Seriously, certain odors coming from male genitalia are signs of a health issue.

By Claire Gillespie
Updated February 05, 2020
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It was only a matter of time. Hot off the heels of Goop’s “This Smells Like My Vagina” candle, a Canadian company is promoting a “This Smells Like My Penis” candle. This genital-themed home fragrance is selling for $100, and the product description explains that the candle costs 25% more than its vagina-smelling equivalent to reflect the gender pay gap. 

The new candle seems more political statement than legit gift opportunity. But it still raises an important question: what should a penis smell like—and is there a “normal” penis smell?

Yes and no, Mike Bohl, MD, MPH, from digital men’s health clinic Roman, tells Health. “Certain parts of the body that are covered in skin don’t feel like they smell,” he says. “For instance, if you smell your forearm right now, it probably doesn’t have an odor that you can detect, unless you recently used soap, cologne, or perfume.” 

The same goes for the penis—at least, a well-cleaned penis following a shower. After that, things can get rank. “There are a couple of reasons a penis can pick up an odor over the course of the day,” Dr. Bohl says. 

Why penises can stink

First, sweat glands. “Most of the body is covered in sweat glands called eccrine glands, which secrete water and salt and are good for cooling off the body," explains Dr. Bohl. "But there’s another kind of sweat gland called an apocrine gland, which are larger, secrete additional compounds like proteins and fats, and they are largely responsible for body odor.”  

Apocrine glands are only found in certain parts of the body, such as the armpits and—you guessed it—the groin. “For this reason, the penis may actually smell more like an armpit than like your forearm after a long day of sweating,” he says. 

Another reason the penis might smell a little funky is because of where it spends most of the day. “It’s confined in underwear, which is further confined in pants, and it probably doesn’t move around that much," says Dr. Bohl. "There is less fresh air in the area and it is also more difficult for sweat and dead skin cells to fall away—it all basically stays pressed up against the penis.”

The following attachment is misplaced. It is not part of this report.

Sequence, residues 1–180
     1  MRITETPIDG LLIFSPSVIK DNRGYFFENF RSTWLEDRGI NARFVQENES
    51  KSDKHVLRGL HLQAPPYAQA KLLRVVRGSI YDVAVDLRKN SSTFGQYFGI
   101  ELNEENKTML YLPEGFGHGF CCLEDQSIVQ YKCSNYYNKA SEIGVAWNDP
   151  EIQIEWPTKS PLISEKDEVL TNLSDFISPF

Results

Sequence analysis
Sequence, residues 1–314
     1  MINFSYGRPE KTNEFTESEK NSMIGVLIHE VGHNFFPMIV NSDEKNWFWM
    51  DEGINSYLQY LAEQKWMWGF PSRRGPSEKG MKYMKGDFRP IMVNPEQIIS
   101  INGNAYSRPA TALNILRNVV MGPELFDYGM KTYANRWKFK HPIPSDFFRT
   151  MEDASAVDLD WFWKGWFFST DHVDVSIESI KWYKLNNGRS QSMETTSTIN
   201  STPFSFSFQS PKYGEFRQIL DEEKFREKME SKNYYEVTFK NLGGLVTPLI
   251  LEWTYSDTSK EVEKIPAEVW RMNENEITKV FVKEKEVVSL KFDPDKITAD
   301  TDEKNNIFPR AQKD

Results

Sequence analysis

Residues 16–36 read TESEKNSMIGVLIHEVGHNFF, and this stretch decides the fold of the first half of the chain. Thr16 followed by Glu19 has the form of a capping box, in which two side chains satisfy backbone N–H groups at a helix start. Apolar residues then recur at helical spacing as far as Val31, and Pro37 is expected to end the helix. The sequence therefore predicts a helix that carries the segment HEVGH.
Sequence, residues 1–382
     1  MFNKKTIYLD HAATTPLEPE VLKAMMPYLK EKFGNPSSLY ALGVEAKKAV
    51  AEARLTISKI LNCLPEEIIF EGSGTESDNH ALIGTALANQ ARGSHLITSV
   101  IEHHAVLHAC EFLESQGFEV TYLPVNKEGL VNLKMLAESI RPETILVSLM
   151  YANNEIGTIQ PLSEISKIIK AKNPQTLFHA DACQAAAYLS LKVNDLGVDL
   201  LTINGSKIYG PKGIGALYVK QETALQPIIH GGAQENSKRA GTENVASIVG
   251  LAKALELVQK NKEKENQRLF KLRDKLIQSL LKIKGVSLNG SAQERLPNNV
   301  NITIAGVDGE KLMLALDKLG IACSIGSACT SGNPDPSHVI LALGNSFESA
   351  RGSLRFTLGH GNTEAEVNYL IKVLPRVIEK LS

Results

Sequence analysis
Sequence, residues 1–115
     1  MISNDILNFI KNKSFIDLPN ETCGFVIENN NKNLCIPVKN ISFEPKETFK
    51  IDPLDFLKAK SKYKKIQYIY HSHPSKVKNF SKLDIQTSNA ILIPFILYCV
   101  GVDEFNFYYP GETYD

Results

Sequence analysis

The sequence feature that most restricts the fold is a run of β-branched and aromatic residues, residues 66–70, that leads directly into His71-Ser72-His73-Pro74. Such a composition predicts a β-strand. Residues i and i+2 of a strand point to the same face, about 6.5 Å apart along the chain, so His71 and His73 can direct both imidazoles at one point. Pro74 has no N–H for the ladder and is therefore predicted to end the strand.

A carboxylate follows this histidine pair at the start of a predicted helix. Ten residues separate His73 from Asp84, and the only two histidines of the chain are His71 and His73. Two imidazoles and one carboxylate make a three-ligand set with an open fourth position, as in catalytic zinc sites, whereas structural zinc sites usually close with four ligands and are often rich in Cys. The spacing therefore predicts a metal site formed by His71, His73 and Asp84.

If you think about it, this is kind of like what we do to our feet, keeping them confined in socks and shoes all day—and most people would say that their feet smell.

Finally—and ew—if a guy's underwear isn’t clean, some residual urine from the last time he used the bathroom is in the mix as well. This one doesn’t really need much explanation, right? 

If a penis smells a little like an armpit or a foot at the end of the day, it’s probably not a cause for concern, suggests Dr. Bohl. Soaping up in the shower should get rid of the funk. But if the penis has a particularly bad odor, or it can't simply be washed away, this might indicate a health problem. 

STIs and smegma

If a man is also experiencing discharge and it smells, he could have an sexually transmitted infection like gonorrhea or chlamydia. “Descriptions of what exactly the odor smells like vary from mushrooms to ammonia,” says Dr. Bohl. “But in general, having any sort of discharge from the penis should prompt you to see a health care provider.” 

Another possible cause of a smelly penis is a buildup of smegma, a cheese-like substance consisting of naturally-secreted oils, dead skin cells, and moisture. It’s more common in men who are uncircumcised, says Dr. Bohl, because it can get trapped under the foreskin. He advises careful washing of the penis in the shower, and if there is any smegma buildup, it should be wiped away. 

If the penis isn’t adequately cleaned, or if there is residual smegma, men can get a condition called balanitis, which is inflammation of the head of the penis. “Balanitis can be very uncomfortable and may also cause the penis to smell,” adds Dr. Bohl. 

What semen should smell like

Okay, so what about semen? The smell situation is a little different here. Because semen is a bodily fluid, it does have a characteristic smell. “Semen is slightly alkaline (the opposite of acidic) on the pH scale, and many people consider semen to smell like bleach or ammonia, which are both alkaline substances,” says Dr. Bohl says.

So while it's normal for semen to have an odor, a change in scent—like it becomes foul—can be a clue to a health issue, such as an STI. “If the urethra (the tube that urine and semen travel through) is filled with discharge from an infection like chlamydia or gonorrhea, that discharge can mix with the semen, giving it an odor (and possibly a slightly different color as well),” Dr. Bohl explains. 

You might have heard that eating certain foods can change the smell of semen. While Dr. Bohl says this hypothesis isn’t backed up by science, it’s definitely possible that certain foods can affect semen’s smell. If you’re up for a little experimentation, eating fish, meat, and asparagus reportedly make semen smell worse—while eating citrus fruits and pineapple make it a little sweeter.

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